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Ford Credit Rating Upgrade Returns Blue Oval Logo

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Ford owns its own logo again, after mortgaging it in 2006. Ford employees form the logo on the lawn of the company's Dearborn, Mich., headquarters.
Ford owns its own logo again, after mortgaging it in 2006. Ford employees form the logo on the lawn of the company's Dearborn, Mich., headquarters.

Ford is now sole owner of its iconic blue oval logo -- one of many assets the automaker mortgaged for cash that helped it weather the recession without a government bailout.

Moody's on Tuesday raised Ford's credit rating back to investment grade of Baa3, from a junk status of Ba2, citing evidence that Ford's turnaround will likely be long-lasting. Fitch boosted Ford's credit rating back to investment grade less than a month ago.

Ford had pledged its U.S. assets -- including its headquarters building in Dearborn, the signs on the building, its major intellectual property and the Ford logo, among hundreds of other things -- to secure $23.5 billion in loans in December 2006. The automaker paid back the loans in September 2011. But as part of the loan agreement, Ford could not get back its collateral until it regained investment-grade ratings with two major credit ratings agencies.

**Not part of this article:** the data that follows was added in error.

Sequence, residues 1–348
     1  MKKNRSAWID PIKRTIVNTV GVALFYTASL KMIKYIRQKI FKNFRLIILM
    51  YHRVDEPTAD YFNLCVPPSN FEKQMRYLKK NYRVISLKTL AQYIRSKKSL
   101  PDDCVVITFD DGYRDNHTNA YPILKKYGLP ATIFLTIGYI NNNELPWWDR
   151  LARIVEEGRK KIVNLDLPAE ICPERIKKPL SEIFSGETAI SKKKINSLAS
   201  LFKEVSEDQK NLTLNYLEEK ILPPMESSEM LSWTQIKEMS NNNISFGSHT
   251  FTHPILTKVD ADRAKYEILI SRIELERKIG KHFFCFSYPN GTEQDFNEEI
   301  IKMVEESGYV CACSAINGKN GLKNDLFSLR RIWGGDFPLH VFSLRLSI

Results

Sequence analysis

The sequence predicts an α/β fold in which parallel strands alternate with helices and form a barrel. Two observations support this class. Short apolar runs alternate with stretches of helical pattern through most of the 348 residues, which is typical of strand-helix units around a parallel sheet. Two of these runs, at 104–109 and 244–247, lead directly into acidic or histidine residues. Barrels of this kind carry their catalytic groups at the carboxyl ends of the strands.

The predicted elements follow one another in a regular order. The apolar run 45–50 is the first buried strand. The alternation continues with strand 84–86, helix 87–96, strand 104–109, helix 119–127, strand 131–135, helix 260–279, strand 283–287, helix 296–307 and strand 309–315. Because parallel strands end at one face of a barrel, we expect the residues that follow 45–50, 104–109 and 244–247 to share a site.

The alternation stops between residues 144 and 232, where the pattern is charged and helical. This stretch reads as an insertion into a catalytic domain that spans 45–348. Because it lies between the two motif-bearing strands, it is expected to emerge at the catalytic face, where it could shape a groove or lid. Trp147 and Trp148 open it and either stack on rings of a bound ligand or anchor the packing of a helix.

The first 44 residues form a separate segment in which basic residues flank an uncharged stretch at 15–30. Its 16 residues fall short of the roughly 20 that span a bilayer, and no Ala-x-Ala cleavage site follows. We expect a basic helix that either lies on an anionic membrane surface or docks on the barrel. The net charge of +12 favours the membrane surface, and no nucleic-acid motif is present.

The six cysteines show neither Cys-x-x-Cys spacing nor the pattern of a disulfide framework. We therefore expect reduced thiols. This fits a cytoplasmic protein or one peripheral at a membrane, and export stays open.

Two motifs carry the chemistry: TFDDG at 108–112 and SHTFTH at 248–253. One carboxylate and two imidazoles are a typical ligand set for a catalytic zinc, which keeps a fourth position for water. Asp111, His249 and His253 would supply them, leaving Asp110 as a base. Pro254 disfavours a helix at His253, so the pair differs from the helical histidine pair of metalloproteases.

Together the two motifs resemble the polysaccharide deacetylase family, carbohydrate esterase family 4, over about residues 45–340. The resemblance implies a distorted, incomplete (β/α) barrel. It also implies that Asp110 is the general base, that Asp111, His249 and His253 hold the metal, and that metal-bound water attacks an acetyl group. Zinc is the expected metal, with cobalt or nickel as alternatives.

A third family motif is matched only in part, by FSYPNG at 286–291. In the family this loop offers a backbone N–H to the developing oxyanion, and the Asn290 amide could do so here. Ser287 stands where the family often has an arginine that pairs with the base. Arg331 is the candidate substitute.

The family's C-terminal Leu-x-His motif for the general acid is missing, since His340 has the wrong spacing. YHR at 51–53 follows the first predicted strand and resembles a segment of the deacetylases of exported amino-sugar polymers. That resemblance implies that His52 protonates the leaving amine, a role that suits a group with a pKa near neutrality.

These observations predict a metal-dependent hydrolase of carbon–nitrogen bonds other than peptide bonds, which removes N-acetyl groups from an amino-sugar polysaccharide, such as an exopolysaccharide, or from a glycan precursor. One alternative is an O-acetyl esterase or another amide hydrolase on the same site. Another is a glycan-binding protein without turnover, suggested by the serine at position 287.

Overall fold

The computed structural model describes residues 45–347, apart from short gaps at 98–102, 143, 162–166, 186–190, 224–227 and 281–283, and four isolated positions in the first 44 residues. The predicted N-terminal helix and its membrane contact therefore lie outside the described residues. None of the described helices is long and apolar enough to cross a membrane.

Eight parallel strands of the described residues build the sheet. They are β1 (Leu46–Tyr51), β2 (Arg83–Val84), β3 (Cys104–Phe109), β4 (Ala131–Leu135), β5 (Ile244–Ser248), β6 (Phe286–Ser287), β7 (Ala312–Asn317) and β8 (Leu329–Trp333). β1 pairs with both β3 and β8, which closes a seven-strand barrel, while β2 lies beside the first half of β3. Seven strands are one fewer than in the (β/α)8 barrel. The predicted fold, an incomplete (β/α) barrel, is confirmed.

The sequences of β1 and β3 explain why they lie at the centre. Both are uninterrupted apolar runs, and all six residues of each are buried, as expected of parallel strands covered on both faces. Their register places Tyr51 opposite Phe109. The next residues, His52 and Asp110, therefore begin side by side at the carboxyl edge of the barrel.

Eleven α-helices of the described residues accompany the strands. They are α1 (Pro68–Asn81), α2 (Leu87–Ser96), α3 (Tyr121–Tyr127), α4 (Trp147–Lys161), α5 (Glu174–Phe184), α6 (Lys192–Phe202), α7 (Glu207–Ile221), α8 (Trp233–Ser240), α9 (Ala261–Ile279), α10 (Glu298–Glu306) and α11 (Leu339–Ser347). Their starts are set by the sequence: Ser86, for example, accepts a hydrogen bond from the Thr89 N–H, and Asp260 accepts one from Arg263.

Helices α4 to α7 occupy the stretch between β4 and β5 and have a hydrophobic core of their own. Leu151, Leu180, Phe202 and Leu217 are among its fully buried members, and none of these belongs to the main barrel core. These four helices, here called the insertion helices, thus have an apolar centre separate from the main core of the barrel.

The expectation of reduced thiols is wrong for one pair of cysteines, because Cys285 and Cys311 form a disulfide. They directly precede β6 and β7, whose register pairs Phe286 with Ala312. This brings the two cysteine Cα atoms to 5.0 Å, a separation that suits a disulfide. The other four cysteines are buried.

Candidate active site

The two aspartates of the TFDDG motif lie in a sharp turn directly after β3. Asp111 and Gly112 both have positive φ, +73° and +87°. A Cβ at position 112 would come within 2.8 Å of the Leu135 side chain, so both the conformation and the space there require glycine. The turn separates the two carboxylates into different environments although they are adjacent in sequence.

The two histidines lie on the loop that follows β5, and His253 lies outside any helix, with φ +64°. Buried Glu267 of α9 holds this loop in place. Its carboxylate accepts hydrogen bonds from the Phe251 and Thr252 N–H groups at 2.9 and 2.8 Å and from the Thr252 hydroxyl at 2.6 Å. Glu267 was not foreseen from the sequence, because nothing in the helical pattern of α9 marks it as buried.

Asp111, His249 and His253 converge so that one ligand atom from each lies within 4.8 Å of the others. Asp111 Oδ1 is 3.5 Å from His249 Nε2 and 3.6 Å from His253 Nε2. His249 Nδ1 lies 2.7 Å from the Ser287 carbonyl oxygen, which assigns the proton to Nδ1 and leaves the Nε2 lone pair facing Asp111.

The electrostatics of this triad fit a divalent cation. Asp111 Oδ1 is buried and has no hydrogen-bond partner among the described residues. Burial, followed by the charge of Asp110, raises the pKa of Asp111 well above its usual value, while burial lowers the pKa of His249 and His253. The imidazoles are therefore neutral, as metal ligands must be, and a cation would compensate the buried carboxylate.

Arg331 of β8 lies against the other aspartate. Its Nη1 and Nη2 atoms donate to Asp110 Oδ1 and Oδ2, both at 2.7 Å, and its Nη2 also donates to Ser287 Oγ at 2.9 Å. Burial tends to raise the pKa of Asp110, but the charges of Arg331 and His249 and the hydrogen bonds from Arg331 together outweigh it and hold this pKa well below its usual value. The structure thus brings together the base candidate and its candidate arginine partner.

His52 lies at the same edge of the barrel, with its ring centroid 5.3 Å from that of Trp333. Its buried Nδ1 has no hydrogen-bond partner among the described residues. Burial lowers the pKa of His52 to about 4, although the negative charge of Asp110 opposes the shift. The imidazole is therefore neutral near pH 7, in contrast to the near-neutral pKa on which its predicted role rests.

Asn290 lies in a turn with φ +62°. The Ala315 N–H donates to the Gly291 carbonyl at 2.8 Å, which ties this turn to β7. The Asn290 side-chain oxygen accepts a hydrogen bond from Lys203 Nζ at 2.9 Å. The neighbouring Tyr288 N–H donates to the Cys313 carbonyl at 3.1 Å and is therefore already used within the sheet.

"When we pledged the Ford blue oval as part of the loan package, we were not just pledging an asset. We pledged our heritage," Ford Chairman Bill Ford said in a statement. "Getting the Ford blue oval back feels amazing, and it is one of the best days that I can remember."

The money Ford raised in 2006 helped it survive a severe downturn in car sales in late-2008 as the economy nosedived. General Motors and Chrysler were forced to ask the U.S. government for help, saying operations would collapse if they didn't receive aid. The government eventually led GM and Chrysler through quick bankruptcies and gave them a total of $80 billion.

The decision to bail out the automakers is still hotly debated. Many Americans opposed U.S. intervention, and Ford's ability to stand on its own has helped its image.

Moody's said it was confident Ford would sustain its recent performance. "We concluded that the improvements Ford has made are likely to be long-lasting," said Bruce Clark, senior vice president with Moody's.

That's because Ford now breaks even after selling 1.8 million vehicles in a year, 47 percent fewer than it needed to sell in 2009 to make money, Clark said. The automaker has also improved its product lineup, stemming the loss of market share to Honda and Toyota, Clark said,

Ford CEO Alan Mulally, who engineered Ford's turnaround plan and whose first bold step was mortgaging Ford's assets in 2006, said he's proud that Moody's increased the credit rating. He promised the automaker will stay on track.

"We will continue to focus on driving profitable growth for all of our stakeholders," Mulally said. "We are confident that, by staying focused on our plan and working together, we will maintain strong investment-grade ratings through all economic cycles."

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